Upwelling Case Study – Examining Biological Data
Investigating Biological Conditions
In-water fluorescence data
Deep waters tend to be richer in the nutrients that support plant growth. When transported to the surface by upwelling, these waters warm up and algal growth is stimulated. Rapid growth rates of phytoplankton — i.e., microscopic algae at the base of the food web — cause upwelled waters to be heavily populated by many forms of marine life.
The amount of chlorophyll in the water column is measured using a fluorometer, which hits seawater with blue light, causing the chlorophyll (a common plant pigment) within phytoplankton to glow red. The resulting red fluorescence is used to quantify chlorophyll concentration. The graphs at right show summer fluorescence data through the water column at the M1 and M2 moorings.
Satellites, such as NASA’s SeaWiFS satellite, are also used to gather information about ocean primary production. Subtle changes in ocean color signify various kinds and quantities of phytoplankton. Thus, ocean color data can help determine whether upwelling occurred during the spring months.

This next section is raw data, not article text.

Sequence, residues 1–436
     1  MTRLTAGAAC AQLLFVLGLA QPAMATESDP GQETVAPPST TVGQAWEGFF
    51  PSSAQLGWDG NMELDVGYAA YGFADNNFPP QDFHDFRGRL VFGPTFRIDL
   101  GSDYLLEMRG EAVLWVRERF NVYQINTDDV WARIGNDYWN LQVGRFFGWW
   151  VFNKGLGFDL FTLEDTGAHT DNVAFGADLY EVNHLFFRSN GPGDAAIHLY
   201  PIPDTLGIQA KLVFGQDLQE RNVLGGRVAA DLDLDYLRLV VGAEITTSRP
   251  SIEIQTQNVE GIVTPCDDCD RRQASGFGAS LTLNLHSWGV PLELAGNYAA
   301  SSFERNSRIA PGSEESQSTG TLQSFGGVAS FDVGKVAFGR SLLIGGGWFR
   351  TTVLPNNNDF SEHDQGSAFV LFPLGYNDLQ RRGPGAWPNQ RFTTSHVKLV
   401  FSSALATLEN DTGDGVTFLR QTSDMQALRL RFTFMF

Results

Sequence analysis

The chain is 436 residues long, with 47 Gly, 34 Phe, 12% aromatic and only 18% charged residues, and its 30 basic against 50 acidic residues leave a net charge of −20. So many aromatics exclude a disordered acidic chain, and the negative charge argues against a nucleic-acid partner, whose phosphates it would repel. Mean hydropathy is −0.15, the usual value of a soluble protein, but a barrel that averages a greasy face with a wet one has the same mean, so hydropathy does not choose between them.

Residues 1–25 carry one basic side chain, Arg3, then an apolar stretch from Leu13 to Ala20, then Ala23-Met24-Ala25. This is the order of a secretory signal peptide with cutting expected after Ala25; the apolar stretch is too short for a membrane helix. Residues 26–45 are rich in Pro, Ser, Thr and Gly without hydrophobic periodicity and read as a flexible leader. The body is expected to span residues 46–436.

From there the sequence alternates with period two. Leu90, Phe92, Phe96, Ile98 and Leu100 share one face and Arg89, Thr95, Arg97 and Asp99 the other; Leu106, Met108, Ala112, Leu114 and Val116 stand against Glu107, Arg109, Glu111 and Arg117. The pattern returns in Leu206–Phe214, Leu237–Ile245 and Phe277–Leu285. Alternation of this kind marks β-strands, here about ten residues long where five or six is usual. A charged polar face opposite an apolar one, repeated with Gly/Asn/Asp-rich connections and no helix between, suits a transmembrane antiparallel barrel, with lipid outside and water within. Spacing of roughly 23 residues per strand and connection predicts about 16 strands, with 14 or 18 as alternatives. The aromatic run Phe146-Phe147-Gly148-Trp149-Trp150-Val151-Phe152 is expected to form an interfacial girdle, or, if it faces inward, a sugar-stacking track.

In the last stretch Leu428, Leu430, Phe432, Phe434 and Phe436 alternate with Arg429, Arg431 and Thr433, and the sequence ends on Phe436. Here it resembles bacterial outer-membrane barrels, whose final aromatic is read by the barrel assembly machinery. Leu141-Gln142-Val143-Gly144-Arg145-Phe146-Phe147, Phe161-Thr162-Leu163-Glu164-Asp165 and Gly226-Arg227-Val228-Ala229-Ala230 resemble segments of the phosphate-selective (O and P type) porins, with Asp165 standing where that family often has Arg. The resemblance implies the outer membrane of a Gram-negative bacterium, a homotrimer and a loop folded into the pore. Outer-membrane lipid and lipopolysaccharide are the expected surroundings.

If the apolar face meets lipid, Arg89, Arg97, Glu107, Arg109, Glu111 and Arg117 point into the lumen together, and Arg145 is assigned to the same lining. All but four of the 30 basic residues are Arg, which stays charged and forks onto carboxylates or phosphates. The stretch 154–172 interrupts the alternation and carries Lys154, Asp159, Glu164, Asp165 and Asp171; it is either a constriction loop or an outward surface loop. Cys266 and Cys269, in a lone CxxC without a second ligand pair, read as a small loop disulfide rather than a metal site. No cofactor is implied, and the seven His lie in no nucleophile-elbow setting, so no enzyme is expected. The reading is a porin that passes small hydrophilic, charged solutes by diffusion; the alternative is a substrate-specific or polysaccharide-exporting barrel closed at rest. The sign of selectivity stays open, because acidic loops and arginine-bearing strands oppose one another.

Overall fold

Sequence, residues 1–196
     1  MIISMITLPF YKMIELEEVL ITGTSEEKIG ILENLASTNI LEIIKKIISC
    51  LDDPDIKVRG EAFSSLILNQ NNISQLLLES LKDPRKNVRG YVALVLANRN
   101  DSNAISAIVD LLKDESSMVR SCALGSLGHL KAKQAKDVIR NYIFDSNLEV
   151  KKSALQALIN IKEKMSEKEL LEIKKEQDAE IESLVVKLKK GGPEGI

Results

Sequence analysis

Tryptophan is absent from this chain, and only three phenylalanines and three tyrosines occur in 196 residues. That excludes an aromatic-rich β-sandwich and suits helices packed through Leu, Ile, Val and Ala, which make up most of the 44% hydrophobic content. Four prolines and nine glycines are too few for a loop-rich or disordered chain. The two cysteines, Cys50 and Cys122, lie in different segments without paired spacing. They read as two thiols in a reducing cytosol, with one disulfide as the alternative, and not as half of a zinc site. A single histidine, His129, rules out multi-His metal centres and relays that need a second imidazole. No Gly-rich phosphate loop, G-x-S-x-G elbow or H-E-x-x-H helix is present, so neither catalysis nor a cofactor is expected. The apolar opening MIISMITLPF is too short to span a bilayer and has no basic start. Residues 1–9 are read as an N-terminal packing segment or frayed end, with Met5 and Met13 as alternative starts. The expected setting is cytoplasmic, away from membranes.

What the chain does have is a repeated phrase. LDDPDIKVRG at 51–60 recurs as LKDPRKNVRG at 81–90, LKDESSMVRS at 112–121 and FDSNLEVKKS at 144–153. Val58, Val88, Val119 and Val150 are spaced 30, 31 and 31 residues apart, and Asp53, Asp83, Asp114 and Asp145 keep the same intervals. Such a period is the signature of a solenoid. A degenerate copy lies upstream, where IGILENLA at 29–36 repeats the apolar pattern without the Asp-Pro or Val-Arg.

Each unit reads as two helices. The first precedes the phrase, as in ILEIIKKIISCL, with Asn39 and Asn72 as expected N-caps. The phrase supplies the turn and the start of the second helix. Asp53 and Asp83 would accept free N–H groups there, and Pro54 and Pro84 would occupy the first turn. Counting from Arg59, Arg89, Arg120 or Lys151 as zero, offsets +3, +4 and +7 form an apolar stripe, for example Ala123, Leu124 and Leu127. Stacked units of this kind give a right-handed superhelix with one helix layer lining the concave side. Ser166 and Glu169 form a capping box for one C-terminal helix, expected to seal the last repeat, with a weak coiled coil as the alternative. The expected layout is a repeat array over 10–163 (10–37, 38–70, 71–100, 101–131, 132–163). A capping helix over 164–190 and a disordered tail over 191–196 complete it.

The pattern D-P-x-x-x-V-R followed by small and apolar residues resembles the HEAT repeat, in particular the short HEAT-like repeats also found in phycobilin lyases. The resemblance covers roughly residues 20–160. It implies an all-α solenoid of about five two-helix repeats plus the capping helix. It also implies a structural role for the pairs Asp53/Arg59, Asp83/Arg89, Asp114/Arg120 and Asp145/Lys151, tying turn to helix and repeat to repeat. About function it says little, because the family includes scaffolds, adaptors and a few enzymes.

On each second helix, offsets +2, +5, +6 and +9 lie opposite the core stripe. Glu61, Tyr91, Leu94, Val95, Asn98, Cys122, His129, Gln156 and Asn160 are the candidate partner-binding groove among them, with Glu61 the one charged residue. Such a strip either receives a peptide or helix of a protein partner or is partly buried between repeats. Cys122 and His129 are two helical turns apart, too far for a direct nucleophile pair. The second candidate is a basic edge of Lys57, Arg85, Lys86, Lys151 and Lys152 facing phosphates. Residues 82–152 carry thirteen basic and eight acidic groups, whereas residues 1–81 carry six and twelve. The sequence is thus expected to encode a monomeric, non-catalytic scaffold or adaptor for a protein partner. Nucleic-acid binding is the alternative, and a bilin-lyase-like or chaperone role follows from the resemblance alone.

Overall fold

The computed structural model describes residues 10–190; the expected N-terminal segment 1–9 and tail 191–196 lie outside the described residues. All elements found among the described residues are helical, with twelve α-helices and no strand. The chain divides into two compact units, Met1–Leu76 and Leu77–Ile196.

The ocean color patterns above indicate that strong upwelling occurred during the spring months. How does this compare with California’s Pacific Sardine landings during spring? Is there a clear seasonal correlation between upwelling and Pacific Sardine landings? If not, what other factors may influence landings?
Before answering, you might wish to investigate data from other seasons:
- Latest SURFACE fluorescence data from the M1 mooring
- Latest SURFACE fluorescence data from the M2 mooring
- Time-series summaries of physical, biological and chemical data from MBARI stations
- SeaWiFs monthly ocean color data from the west coast of N. America (Sep. ’97 – Jul. ’01)